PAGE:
ington and Morton streets, thence through Morton, Harvard and Ash- 
land streets to and across the New York, New Haven & Hartford Rail- 
road, thence southerly along said railroad to the boundary line of Ward 
26, thence southwesterly along the said boundary line to the Dedham 
boundary line, thence along the latter to the Newton boundary line, 
thence northeasterly along the latter to the Brookline boundary line, 
thence southeasterly and northerly along said line to Perkins street, 
thence to Prince street, thence to the Arborway, thence to the point 
of beginning. Apparatus — Engines, Nos. 30, 45; Ladders, 16, 25; 
Chemical, 13. 

Dist. 14. Maurice Hbffernan, Dist. Chief. Headquarters, Engine 
House 46, Peabody square, Dorchester. The territory included within 
a line beginning at the intersection of Dorchester bay and Freeport 
street (Commercial Point), thence through Freeport, Preston, Mill, 
Adams, Centre and Norfolk streets to Lauriat avenue, thence through 
Lauriat and Blue Hill avenues, Morton, Harvard, Oakland and Rex- 
ford streets to Blue HiU avenue, through said avenue and Fremont 
street to the Neponset river, thence along the Neponset river and 
Dorchester bay to the point of beginning. Apparatus — Engines, 
Nos. 16, 20, 46; Ladders, 6, 27. 
Dist. 15. Joseph A. Dolan, Dist. Chief. Headquarters, Engine 
House 48, corner Harvard avenue and Winthrop street, Hyde Park. 



FIRE DEPARTMENT. 



57 



The territory included within a hne beginning at the intersection of 
the extension of Fremont street and the Milton boundary line, thence 
through Fremont street, Blue Hill avenue, Rexford, Oakland and Ash- 
land streets to the New York, New Haven & Hartford Railroad tracks, 
thence along said tracks to the boundary hne of Ward 26 and along 
said line to the Dedham boundary line, thence along that hne to the 
Milton boundary line and along the latter to the point of beginning. 
Apparatus — Engines, Nos. 19, 48; Ladder, 28; Chemical, 14; Hose, 49. 

STEAM PIRE-ENGINES (INCLUDING HOSE WAGON FOR EACh). 



Number, Etc. 



Location. 



Officers.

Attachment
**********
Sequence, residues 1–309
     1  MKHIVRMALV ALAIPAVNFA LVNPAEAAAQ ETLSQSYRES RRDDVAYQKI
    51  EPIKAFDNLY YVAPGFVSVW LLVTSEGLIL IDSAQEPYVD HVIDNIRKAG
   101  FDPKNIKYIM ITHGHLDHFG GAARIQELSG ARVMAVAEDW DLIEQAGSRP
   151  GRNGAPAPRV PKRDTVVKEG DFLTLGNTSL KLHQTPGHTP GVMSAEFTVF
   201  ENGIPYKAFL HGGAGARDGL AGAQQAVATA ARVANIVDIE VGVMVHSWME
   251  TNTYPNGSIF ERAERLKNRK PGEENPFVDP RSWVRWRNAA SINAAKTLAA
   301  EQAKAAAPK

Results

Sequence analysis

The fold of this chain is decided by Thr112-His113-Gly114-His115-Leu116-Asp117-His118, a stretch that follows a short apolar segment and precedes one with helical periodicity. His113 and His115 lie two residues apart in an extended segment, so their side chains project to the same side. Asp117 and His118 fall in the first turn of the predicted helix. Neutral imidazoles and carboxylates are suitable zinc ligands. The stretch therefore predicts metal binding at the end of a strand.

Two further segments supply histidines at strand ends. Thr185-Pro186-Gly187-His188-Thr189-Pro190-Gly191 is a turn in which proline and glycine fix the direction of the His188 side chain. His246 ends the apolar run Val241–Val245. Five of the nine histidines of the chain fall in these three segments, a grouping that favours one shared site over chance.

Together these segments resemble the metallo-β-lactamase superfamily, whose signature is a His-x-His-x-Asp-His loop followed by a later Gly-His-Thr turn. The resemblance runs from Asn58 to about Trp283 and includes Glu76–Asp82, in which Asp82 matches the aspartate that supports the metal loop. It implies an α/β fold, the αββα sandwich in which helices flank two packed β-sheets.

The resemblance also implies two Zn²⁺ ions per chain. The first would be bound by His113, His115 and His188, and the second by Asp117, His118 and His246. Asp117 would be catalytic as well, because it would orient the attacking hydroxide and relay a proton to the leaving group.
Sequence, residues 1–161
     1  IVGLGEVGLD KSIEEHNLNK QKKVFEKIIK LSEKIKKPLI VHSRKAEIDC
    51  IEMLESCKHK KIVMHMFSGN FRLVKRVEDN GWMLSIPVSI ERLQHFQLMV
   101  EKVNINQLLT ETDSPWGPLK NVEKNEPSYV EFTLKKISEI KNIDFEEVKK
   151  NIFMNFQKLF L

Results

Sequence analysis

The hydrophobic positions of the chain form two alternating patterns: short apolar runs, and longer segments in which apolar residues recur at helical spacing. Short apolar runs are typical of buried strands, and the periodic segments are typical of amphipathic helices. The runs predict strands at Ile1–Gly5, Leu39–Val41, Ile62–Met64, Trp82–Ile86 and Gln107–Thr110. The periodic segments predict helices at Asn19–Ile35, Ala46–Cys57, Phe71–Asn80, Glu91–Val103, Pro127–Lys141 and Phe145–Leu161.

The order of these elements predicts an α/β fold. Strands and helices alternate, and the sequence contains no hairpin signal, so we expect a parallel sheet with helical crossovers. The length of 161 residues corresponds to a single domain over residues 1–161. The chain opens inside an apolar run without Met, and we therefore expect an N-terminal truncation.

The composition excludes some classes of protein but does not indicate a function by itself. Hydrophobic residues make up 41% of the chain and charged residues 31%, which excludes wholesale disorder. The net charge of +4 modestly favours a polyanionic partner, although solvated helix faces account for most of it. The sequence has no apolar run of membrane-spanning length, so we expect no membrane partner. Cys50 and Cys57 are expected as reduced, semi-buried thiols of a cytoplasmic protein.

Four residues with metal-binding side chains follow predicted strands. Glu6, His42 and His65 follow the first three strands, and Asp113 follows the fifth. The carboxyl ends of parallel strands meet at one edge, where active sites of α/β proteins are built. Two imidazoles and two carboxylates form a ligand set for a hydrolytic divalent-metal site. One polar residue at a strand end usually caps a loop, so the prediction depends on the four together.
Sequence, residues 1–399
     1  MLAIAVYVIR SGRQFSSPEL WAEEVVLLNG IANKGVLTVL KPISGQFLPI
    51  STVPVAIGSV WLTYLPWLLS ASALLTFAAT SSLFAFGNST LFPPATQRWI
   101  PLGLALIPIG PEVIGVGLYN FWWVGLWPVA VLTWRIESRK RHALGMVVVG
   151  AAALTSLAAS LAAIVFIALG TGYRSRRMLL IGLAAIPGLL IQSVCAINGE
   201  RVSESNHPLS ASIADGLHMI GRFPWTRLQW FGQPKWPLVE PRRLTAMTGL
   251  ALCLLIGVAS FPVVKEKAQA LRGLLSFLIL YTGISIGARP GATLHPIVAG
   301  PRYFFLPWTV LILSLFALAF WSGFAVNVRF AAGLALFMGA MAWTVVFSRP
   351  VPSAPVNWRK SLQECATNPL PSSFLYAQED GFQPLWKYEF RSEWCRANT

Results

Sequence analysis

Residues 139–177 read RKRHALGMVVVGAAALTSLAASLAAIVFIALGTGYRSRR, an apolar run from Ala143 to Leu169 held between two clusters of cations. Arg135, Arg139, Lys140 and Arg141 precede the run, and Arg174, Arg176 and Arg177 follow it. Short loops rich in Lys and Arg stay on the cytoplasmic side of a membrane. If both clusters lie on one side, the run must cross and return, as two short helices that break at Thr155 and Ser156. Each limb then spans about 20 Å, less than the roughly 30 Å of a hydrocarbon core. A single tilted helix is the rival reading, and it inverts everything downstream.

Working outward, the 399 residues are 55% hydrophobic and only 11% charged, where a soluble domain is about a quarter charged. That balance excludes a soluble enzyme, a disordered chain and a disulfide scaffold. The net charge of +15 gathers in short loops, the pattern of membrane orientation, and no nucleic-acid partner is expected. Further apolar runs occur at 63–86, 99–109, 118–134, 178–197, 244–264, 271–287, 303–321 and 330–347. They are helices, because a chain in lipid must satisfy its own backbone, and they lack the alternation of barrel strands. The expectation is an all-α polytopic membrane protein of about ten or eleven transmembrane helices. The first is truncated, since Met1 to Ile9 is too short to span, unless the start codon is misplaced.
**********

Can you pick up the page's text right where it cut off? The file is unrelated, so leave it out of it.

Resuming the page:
1 

2 

3 

4 

5 

6 

7 

8 

9 

10 (With tractor and motor 
hose wagon.) 

11 (Motor combination) 

12 

13 

14 (Motor combination) 

15 

16 

17 (With tractor) 

18 

19 

20 

21 (With tractor) 

22 



Dorchester St., cor Fourth, 
South Boston 

Fourth St., cor. O, S. Boston, 

Harrison ave., cor. Bristol st 

Bulfinch street 

Marion street, E. Boston. . . 

Leverett street 

East street 

Salem street 

Paris street. East Boston. . . 

>Mt. Vernon St., cor. River. . 

/Cor. Saratoga and Byron 
\ streets. East Boston 

Dudley street, Roxbury . . . . 

Cabot street, Roxbury 

Centre street, Roxbury 

fCor. Broadway and Dorches- 
[ ter avenue 

River street, Dorchester. . . . 

Meeting House Hill, Dor. . . 

Harvard street, Dorchester. . 

Norfolk street, Dorchester. . . 

Walnut street, Dorchester . . 

Columbia road, Dorchester. . 

Warren avenue 



/^Michael J. Nolan, Capt. 
iC. J. Hickey, Lieut. 

fE. Connors, Capt. 
IE. J. Hartigan, Lieut, 
fjohn N. Lally, Capt. 
\William Peterson, Lieut. 
William E. Riley, Capt. 
G. E. Darragh, Lieut. 
iSIellen R. Jov, Capt. 
R. W. Clark, Lieut. 
F. A. Sweeney, Capt. 
M. L. Gahdn, Lieut. 
Philip A. Grant, Capt. 
J. H. Stout, Lieut. 
John F. Hines, Capt. 
Thos. W. Roose, Lieut. 
J. F. Gillen, Capt. 
T. J. Flynn, Lieut. 

fC. J. O'Brien, Capt. 
tW. C. Swan, Lieut. 

fC. H. Leary, Capt. 
I , Lieut. 

rw. H. McCorkle, Capt. 
\J. T. Gillen, Lieut. 
iThos. E. Conroy, Capt. 
I Thos. WylUe, Lieut. 
IC C. Springer, Capt. 
\Jacob Hyman, Lieut. 

fE. F. Richardson, Capt. 
\J. J. Burke, Lieut. 

[Michael Boyle, Capt. 
Id. W. Mahoney, Lieut. 
[Martin F. Mulligan, Capt. 
\john F. Curley, Lieut. 
/F. M. O'Lalor, Capt. 
' Wm. Hart, Lieut. 

F. J. Sheeran, Capt. 
Anthony J. Burns, Lieut. 
T. J. Muldoon, Capt. 

G. N. F. Getchell, Lieut. 
Michael Norton, Capt. 
F. J. Dermody, Lieut. 
T. H. Downey, Capt. 

IJ. E. Redman, Lieut. 



Note. — Wherever a street, channel or bridge is named, the center line of each is the 
boundary line. 

Inspections of these islands in Boston Harbor will be made under special orders of the 
Department Chief, viz.: Apple, Castle, Gallop's, George's, Governor's, Long, Lovell's, 
Rainsford, Deer, Thompson's and Spectacle. 



58 



MUNICIPAL REGISTER. 



STEAM FIRE-ENGINES. — Concluded. 



Number, Etc. 



Location. 



Officers. 



23 

24 

25 (With tractor, motor hose 
wagon and chemical. 

26 and 35